- They're calling it footwork but this, with its atmospheric background is really more medicated vaporwave, which is...white man's footwork? Whatever, if you're keen for a fifteen minute tape transfer of something vaguely cutting edge in dance right now, this is it.

Obscura Hail: Thrown Into The Sea (No Safe Place)
- In the sea of indie-folk it might be easy to miss something just a little bit different. Obscura Hail's Sean Conran takes his inspiration from a little further away than most of the current crop of folk artists, touching on the likes of Nick Drake and Simon & Garfunkel, with maybe the tiniest amount of Elliott Smith's lingering sadness. Conran's acoustic guitar-work outstrips the skill of the majority of contemporary indie strummers: an impressive EP. (Chris Cobcroft)

Outside The Academy: Outside The Academy (Indie)
-This release from indie artist Outside The Academy is a great sample of tracks clearly showcasing a number of talents this guy has. Blending acoustics and electronics whilst utilising an array of drum patterns and speeds, gives his vocals a strong platform to stand up on. This collection of sounds gathers around a moody artrock core, without abandoning a raw, DIY edge, this is the kind of introspective contemplation that's easy to associate with Radiohead. (Felix Sheahan & Chris Cobcroft)

Pearls: Big Shot (Single) (Dot Dash / Remote Control)
- Precise and sultry pop from Melbourne three-piece Pearls. The call and response vocal lines of the chorus are what won me over. (Hayley Elliott-Maclure)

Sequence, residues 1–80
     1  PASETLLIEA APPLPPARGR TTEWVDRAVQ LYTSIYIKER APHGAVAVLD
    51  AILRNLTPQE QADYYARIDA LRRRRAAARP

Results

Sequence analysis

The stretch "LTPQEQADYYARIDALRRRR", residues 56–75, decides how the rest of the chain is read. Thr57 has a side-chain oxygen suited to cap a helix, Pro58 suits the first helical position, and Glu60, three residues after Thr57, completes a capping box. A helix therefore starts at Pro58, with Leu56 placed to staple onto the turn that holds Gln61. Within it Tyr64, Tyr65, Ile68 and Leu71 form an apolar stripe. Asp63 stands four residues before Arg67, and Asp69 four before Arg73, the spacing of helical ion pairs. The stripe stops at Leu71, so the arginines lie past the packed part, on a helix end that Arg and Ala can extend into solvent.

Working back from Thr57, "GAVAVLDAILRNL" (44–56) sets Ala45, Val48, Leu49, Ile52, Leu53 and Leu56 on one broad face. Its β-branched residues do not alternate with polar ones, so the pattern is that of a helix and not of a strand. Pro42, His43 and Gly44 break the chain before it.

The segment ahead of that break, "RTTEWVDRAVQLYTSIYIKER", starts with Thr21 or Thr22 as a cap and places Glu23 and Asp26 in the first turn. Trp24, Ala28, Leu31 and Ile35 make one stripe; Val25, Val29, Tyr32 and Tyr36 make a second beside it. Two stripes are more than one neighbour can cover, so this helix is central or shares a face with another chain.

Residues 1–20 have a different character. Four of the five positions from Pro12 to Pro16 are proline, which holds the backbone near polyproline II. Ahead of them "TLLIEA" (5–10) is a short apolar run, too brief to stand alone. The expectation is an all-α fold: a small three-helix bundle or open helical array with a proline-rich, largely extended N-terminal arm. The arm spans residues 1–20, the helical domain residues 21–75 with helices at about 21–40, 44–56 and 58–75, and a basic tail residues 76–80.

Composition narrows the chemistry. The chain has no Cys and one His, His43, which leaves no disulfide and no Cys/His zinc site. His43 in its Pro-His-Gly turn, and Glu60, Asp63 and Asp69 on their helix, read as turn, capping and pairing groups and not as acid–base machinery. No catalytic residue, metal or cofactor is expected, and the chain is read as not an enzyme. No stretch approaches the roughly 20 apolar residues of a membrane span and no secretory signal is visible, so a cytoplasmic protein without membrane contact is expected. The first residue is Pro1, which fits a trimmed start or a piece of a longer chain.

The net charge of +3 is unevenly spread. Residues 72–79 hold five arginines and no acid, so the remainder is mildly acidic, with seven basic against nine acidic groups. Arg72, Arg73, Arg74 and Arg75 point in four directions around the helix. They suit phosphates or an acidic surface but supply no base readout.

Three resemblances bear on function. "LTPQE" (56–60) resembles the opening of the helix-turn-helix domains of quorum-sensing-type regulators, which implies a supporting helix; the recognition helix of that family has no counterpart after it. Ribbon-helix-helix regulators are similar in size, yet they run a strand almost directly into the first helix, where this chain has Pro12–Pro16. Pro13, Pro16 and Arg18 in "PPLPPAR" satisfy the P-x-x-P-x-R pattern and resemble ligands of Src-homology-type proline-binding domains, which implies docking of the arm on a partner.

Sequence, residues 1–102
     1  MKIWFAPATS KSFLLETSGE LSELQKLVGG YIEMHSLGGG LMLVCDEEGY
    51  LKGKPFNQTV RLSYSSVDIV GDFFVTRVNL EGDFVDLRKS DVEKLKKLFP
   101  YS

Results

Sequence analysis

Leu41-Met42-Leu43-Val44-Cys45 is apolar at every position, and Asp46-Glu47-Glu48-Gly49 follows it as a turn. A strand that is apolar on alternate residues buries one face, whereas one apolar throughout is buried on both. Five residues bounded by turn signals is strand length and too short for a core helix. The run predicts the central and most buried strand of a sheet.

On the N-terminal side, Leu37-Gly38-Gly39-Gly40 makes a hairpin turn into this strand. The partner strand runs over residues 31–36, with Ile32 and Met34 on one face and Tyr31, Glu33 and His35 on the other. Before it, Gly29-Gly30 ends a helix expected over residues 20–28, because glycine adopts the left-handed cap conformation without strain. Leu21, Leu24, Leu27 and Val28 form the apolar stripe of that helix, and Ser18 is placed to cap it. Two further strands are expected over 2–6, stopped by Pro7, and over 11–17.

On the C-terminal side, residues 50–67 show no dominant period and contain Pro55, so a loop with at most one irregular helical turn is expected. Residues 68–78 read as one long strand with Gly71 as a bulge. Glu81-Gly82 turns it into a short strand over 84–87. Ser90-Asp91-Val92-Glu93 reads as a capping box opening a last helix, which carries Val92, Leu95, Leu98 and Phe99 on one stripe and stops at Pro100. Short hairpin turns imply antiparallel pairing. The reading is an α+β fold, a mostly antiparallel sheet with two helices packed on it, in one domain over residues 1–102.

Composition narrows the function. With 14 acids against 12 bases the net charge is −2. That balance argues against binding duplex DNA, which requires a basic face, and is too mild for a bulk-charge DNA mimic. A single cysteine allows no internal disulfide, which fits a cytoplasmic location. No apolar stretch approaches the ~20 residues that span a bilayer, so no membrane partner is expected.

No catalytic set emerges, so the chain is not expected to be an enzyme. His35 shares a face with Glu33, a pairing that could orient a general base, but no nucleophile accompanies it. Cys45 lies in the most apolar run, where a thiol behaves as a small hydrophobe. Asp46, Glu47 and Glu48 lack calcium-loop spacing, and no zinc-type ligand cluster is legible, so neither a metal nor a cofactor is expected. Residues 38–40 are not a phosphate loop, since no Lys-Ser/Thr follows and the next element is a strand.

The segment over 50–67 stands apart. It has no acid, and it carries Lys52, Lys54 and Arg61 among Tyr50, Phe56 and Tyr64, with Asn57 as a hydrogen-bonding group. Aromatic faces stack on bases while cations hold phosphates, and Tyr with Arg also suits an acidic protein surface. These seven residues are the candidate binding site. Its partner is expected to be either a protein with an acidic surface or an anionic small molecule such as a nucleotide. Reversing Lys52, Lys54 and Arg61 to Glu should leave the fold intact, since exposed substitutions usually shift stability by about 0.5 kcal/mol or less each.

Peter Bibby: Butcher/Hairstylist/Beautician (Spinning Top)
- Peter Bibby's brand of Australiana is full of a particular kind of slacker depravity, downtrodden balladeering and the bizarre stuff we do because we’re young. If you're looking for a point of reference you could do worse than thinking of a wet-behind-the-ears, but equally maladroit and even less polite Gareth Liddiard. Some folks reckon he's touched with the same kind of brutally unforgiving lyrical genius too. (Chris Cobcroft)

Pluto Jonze: Sucker (Indie)
- Chock full of flamboyant, sunny melodies, jumping at you from every nook and cranny, Sucker is Pluto Jonze's latest in a long line of indie pop masterpieces. Sucker delivers the quirk and majesty that has come to be expected from this Ball Park Music protege. (Rob Steel)

Psycroptic: Echoes To Come (Single) (Prosthetic)
- One of Australia's most durable and successful metal bands, or just bands in general, and on this advance for their fifth full-length you'll hear why. Technical death-metal that is fast, agile and very tight; great vocals too. This is the sound of a band at the height of their powers. (Chris Cobcroft)

The Rider: Eye Of The Beholder (Single) (Indie)
- The Rider often bring country-tinged roots-rock alive, with a broad skill that recalls The Band and a breathtaking vocal harmony that recalls The Eagles. Band Of Horses went wrong, somewhere along the way, they should've tried to sound more like this. (Chris Cobcroft)

Riptides: Tombs Of Gold (Indie)
- You may well know Mark Callaghan better from his band GANGgajang, but he had a band up in Brizzie once, called The Riptides. Way back in the early '80s they never managed to get their full-length out, the recordings left to languish in obscurity. Thanks to some happy developments that expansive collection of alt-rock-pop has finally been released as Tombs Of Gold.